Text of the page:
All figures are supplied unpainted (Numbers of each pose in brackets)
||3 figures and 3 couches
It was the ancient Greeks in around the seventh century BCE that first made popular the method of dining whereby diners were semi-reclined on a couch or chaise longue. Later civilisations adopted the habit, including of course the Romans, with whom we generally associate this activity. Typically there would be three such couches surrounding a low table, from which food would be served, although this set mentions a symposium, which was a Greek word for a drinking party. This set reproduces such a scene, with three couches and three diners suitably reclined, although we cannot tell whether they are eating or drinking at the moment. All three are male (the Greeks at least did not allow women to dine this way), and they wear clothing which we found hard to identify. The first pictured figure is remarkable as he is bare-chested, which is hardly a suitable form of dress for a formal occasion such as this. All recline in really natural poses on the three couches supplied, and indeed only make sense when positioned this way; our photographs do not do these figures justice, and the photograph with the packaging gives a better idea.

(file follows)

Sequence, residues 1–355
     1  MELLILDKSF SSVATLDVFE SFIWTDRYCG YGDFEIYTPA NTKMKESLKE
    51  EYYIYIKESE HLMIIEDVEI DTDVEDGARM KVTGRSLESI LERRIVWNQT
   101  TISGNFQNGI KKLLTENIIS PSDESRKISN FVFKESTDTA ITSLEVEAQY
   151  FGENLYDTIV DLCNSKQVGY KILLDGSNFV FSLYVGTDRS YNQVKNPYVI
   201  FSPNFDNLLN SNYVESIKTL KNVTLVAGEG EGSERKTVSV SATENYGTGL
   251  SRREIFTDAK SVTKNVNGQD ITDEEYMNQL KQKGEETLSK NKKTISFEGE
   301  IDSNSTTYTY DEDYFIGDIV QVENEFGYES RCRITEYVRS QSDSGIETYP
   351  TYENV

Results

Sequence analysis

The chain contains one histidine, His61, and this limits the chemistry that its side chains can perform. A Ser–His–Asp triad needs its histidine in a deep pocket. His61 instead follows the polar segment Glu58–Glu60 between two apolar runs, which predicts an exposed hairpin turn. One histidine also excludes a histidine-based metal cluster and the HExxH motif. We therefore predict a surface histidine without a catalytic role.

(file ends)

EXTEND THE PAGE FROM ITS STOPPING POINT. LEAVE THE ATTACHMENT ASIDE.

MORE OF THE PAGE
The crispness and detail on these figures is very pleasing, and they have no flash at all. The poses are nice and relaxed and very natural, suffering none of the flatness you would expect if they had been produced in a rigid steel mould. The require no assembly, and nor do the couches, although the small table/stool does need to have the separate legs glued on. Although we were uneasy about the authenticity of some of the costume this is still a very nice set and makes a very pleasing little scene, especially when deployed along with the set of servants also made by this company